And Jesus came preaching...

Lessons in preaching from the Master Preacher

Bruce Manners, PhD, is senior pastor of the Avondale College Seventh-day Adventist Church, Cooranbong, New South Wales, Australia.

Jesus is the greatest preacher the world has ever known. Yet we have only two of His sermons recorded in full: the Sermon on the Mount (Matt. 5-7), and the Sermon on the Mount of Olives (Matt. 24,25). It could be argued that the Olives sermon really doesn't count as one because Jesus' congregation was limited to His disciples. There are, of course, other speeches or talks that Jesus gave: long ones like John 14-17, but these were given on a more personal level; and short ones that probably came from sermons, but we don't have the full text.

However, we have enough of the con tent and style of Jesus' preaching so that we can learn much from Him. Here are eight great principles that define Jesus as the great preacher that He was.

He preached the gospel

Gospel was the first priority in the preaching of Jesus. "'I must preach,"' He said, "'the good news [gospel] of the kingdom of God ... because that is why I was sent'" (Luke 4:43).*

So Jesus went through all the towns and villages, teaching and "preaching the good news [gospel] of the kingdom" (Matt. 9:35). He called for repentance (Matt. 4:17). He healed. He told those whom He healed to go and sin no more. He fed the hungry. He performed many wonders.

But the bottom line of all that He did was preaching the gospel, the good news of the saving plan of God the "eternal gospel" (Rev. 14:6).

He ministered with passion

Undoubtedly, passion marked the life and ministry of Jesus. When He saw Mary and Martha grieve over the loss of their brother, He wept. When He looked over Jerusalem indifferent to His messiahship, He wept. When He saw the holiness of the temple turned into the commonness of a marketplace, He was angry and whipped the money changers out of His Father's house.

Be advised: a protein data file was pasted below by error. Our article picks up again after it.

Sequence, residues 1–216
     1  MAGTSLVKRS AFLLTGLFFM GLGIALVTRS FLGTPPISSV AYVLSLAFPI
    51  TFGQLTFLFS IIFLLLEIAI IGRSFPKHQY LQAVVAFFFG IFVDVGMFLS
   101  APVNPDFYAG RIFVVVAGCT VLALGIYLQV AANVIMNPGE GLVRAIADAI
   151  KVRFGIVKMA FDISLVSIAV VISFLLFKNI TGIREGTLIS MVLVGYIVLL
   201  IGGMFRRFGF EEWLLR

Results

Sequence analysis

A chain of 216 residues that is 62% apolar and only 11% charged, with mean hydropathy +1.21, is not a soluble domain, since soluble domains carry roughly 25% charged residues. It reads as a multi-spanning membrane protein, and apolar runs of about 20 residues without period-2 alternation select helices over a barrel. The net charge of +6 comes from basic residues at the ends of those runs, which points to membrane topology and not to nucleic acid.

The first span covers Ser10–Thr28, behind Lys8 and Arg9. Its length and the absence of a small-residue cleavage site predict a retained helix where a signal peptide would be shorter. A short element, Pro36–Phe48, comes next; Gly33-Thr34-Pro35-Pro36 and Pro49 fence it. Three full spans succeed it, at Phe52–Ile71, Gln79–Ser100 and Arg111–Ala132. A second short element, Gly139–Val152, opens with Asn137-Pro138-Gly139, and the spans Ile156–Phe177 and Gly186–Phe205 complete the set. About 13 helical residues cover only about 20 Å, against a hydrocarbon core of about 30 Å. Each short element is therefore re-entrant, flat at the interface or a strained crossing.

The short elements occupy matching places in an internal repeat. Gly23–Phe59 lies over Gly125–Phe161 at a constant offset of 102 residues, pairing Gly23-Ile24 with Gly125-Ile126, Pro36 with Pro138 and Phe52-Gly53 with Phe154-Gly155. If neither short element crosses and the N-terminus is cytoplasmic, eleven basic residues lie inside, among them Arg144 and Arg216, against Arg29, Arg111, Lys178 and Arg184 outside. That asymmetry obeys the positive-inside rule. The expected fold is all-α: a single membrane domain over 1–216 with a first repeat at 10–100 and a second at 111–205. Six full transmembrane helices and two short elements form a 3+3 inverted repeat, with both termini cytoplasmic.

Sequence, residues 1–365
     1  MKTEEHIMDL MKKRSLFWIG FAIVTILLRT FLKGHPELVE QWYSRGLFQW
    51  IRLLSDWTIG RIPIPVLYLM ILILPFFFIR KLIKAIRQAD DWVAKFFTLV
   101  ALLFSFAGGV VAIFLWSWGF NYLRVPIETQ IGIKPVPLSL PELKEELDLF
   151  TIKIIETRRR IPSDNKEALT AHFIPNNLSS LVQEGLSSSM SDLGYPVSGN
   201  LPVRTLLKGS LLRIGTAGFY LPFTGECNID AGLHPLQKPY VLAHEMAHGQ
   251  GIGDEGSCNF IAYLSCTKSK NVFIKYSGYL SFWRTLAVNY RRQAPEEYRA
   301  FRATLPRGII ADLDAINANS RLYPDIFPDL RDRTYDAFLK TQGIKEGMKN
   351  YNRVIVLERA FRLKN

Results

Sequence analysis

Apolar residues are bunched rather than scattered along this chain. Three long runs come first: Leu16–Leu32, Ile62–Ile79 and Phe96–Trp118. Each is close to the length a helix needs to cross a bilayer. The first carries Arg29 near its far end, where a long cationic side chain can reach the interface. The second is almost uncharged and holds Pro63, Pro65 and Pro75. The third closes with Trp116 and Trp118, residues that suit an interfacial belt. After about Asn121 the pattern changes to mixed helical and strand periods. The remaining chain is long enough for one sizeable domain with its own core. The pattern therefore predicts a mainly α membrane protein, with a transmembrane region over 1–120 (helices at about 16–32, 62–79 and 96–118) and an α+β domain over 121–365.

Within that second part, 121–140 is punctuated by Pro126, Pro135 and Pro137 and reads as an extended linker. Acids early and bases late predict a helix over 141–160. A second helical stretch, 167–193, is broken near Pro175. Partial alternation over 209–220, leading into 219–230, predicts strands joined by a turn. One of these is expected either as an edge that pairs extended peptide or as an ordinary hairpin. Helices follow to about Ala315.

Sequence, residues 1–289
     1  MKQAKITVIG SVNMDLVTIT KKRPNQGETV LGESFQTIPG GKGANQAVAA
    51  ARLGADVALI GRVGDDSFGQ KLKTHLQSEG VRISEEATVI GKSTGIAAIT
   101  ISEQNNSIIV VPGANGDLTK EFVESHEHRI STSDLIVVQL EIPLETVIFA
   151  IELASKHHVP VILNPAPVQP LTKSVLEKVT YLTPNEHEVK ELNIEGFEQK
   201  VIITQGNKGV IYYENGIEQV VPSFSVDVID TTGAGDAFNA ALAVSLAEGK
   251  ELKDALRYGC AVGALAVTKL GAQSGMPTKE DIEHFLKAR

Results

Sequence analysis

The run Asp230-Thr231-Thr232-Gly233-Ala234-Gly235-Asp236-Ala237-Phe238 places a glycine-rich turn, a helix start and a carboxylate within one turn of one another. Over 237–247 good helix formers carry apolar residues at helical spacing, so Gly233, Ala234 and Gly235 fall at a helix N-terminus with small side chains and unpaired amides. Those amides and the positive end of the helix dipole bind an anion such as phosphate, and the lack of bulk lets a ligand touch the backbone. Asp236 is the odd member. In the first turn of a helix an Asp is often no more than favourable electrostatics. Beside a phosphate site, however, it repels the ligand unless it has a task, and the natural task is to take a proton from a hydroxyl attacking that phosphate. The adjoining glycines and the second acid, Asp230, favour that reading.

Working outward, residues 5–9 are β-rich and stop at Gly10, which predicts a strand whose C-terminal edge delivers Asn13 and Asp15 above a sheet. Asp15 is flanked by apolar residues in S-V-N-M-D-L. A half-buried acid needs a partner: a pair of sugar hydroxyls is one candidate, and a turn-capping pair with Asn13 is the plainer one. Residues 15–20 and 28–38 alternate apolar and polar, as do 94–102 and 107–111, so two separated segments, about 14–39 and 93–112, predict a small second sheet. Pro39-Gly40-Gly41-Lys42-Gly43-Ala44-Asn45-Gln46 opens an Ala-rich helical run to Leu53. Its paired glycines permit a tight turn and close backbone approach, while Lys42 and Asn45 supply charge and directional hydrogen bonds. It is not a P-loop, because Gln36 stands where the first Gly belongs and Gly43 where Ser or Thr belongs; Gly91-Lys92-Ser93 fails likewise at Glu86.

Check the passion in Matthew 23. Feel the anger. Notice how focused He was as He used repetition in His stinging condemnation of the scribes and Pharisees. (Warning: Do this very carefully at home or in your pulpit. Jesus could do it well be cause He understood the heart and could throw a first stone well, with love and skill.)

On a life-and-death mission, Jesus knew that it was going to cost Him His life, but He'd committed Himself to the cause. This realization is important when we think of His preaching, for He was not preaching to give information, to entertain, or to prove a point---He preached to change people's lives.

No one can call Jesus a milk-sop preacher presenting a colorless, monotone message. He had enthusiasm. He had depth. He had commitment. He embodied His message.

He illustrated His Preaching

How much would it dent your pride to be remembered not for the depth of your theology, your stunning logic and dramatic presentation, but for your storytelling? Jesus always had a story to tell; parables were an important means of His preaching (Matt. 13:34,35). And if He didn't have a parable, He had an illustration.

Matthew 24 is a good example of this. First, there's an illustration from the Old Testament: "'As it was in the days of Noah" (verse 37). Then there's an illustration from everyday life: "If the owner of the house had known at what time of night the thief was coming" (verse 43). Then follows an illustration from employee-employer relationships: the faithful and wise servant who will continue to be faithful and wise even when the master is away (verses 45-51).

In this apocalyptic sermon, Jesus talked about the end time but did it through stories and illustrations. In Matthew 25 where the sermon continues, Jesus told three parables, each stressing the importance of living, even as we await the Second Coming.

Jesus was creative in His use of illustrations. See the Sermon on the Mount and His references to His followers being salt and light. Note His comment about the birds of the air and the lilies of the field---if God cares for them, doesn't He care for you? In another place He used a child as a visual aid when He said we must become like children if we were to enter the Kingdom of Heaven.

And, yes, He used humor. His humor is sometimes difficult to appreciate in English translations and culture. The humor of His time tended toward wordplay and is often more subtle than the humor of today. However, there's no denying the humor of trying to take a speck out of someone else's eye when you have a plank in your own or straining out gnats yet eating camels.